Leana Brown is a third year law student at the University of Nebraska College of Law. Prior to law school, Leana attended the University of Colorado in Boulder for both her undergraduate degree and her masters degree. In 2018, Leana received her undergraduate degree in Economics with a minor in Classics. She then continued her education at the University of Colorado in Boulder and received a Masters in Corporate Finance. At UNL, Leana is a Co-President of the Space, Cyber, and Telecommunications club. Additionally, she is a student researcher with a primary focus on space law. With Leana’s background in economics, corporate finance and her ever increasing knowledge of space law, her perspective is unique. Outside of law school, Leana is an active member of the NSS President’s Legal Council, and is working on a series of policy papers focused on economics in space. During Leana’s last year in law school she aspires to publish her thoughts and perception on the rising subject of space law particularly concerning the private sector. Leana’s interest in space law grows every day and after graduation she hopes to get a job in the field.
Bailey Cunningham is pursuing an LL.M. in Air & Space Law at the University of Mississippi School of Law. Bailey received her Juris Doctor from the Florida State University College of Law in 2021. Prior to law school, Bailey attended the University of South Florida, where she majored in Political Science and minored in both Astronomy and Intelligence Studies. Bailey is a Senior Editor of the Journal of Space Law at the University of Mississippi and a former Legal Intern for the International Law Practice Group at NASA Headquarters. Bailey previously served as the Vice-Chair of the NSS International Committee and is currently the Chair of the NSS President’s Legal Advisory Council. Additionally, Bailey volunteers with For All Moonkind and serves as the Space Law Project Manager.
Diana Chicas García
Diana Chicas García is from Virginia and a daughter of immigrants. She earned her undergraduate degree in foreign languages and international relations from George Mason University. She is currently a 3L at the Howard University School of Law, where she co-founded and serves as the Vice President of the Howard University Space Law Society. Since starting law school, Diana interned at the U.S. District Court for the Eastern District of Virginia; competed in a telecommunications and technology competition as a member of the Charles Hamilton Houston National Moot Court Team; served as a student attorney at the Howard Civil Rights Clinic; and supported Professor Justin Hansford as a Constitutional Law I TA. This year she has learned a great deal about space law through her time at the Space Court Foundation, the Space Generation Advisory Council, and NASA’s International Law Practice Group. Diana is looking forward to applying her experiences and legal interest in space, tech, and civil rights as an NSS Legal Fellow.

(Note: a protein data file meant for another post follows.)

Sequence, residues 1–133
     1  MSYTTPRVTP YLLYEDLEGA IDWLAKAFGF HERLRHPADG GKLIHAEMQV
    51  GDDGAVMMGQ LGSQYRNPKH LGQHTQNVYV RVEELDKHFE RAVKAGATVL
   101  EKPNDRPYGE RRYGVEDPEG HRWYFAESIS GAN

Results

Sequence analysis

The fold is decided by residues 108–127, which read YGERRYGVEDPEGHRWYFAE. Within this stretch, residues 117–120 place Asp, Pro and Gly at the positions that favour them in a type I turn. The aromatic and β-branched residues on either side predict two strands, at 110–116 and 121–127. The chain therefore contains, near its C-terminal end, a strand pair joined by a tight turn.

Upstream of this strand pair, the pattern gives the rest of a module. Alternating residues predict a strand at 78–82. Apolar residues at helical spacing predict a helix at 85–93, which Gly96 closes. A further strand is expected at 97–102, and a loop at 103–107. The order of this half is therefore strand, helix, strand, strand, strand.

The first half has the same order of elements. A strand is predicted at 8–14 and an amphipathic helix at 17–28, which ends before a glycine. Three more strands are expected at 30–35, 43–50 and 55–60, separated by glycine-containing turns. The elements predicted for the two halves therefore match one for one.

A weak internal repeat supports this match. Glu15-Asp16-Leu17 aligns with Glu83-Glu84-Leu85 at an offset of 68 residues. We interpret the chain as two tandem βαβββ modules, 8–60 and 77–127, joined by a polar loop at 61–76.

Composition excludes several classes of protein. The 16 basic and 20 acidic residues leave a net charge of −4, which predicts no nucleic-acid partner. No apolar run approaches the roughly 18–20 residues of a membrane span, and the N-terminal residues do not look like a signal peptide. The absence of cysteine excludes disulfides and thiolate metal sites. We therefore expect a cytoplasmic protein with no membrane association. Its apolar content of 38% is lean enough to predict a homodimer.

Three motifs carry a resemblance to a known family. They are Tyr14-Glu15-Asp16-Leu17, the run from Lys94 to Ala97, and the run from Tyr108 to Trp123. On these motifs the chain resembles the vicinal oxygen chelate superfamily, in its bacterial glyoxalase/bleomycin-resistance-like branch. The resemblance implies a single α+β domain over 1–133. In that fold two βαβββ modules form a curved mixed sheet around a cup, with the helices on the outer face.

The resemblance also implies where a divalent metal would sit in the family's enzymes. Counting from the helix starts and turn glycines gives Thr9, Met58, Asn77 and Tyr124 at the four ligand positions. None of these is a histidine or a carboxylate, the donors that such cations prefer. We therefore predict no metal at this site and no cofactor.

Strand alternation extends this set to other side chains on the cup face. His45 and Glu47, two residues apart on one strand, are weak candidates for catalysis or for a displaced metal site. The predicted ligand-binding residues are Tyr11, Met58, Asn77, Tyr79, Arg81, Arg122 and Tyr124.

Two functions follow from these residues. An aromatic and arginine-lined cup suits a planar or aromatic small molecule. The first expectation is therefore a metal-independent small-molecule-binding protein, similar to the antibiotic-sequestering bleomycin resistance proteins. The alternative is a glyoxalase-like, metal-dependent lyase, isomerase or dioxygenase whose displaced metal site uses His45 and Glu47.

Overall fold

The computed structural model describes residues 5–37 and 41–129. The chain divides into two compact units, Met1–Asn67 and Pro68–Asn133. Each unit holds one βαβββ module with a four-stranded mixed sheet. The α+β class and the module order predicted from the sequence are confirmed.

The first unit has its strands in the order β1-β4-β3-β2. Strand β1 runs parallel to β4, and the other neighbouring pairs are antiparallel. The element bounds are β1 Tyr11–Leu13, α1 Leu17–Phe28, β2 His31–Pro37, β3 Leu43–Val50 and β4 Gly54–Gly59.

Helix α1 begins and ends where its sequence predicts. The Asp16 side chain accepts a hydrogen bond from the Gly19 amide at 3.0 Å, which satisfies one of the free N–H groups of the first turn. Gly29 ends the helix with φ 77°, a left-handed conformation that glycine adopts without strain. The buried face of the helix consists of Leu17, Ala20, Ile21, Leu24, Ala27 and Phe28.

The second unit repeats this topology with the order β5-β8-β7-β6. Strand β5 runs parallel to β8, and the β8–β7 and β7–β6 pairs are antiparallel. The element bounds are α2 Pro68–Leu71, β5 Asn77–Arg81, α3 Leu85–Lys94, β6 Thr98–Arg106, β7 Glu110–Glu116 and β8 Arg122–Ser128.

Grant Haas grew up in Titusville, Florida where he enjoyed the wonders of the space coast and a part-time job as a photographer at Kennedy Space Center Visitor Complex – stationed in front of the retired Shuttle Atlantis. He earned his undergraduate degree from the University of Central Florida in Finance. He was then accepted into the Florida State University College of Law where he received his juris doctor, magna cum laude, in 2021. While in law school, he worked as a law clerk for two of the largest firms in Florida, a well-renowned local firm in Tallahassee, FL, and as a legislative intern for the Florida House of Representatives’ Commerce Committee, where he drafted bill analyses for new insurance and banking laws. Grant was on FSU Law Review’s Executive Board as a Notes and Comments Editor, FSU Law Moot Court Team’s Executive Board as a Treasurer, and was a staff editor on FSU Law’s Business Review. He competed in the Manfred Lachs Space Law Moot Court Competition in 2020. After graduating law school, Grant moved back to the space coast to practice corporate law at WhiteBird, PLLC in downtown Melbourne. He is beginning his specialization in mergers and acquisitions, tax, and business reorganizations while maintaining an interest in representing the space industry nearby. In his spare time, Grant enjoys playing and watching sports, listening to sports and business podcasts, and keeping up with the development of the space program. In addition, he volunteers his time as a Catholic youth group leader for high school students.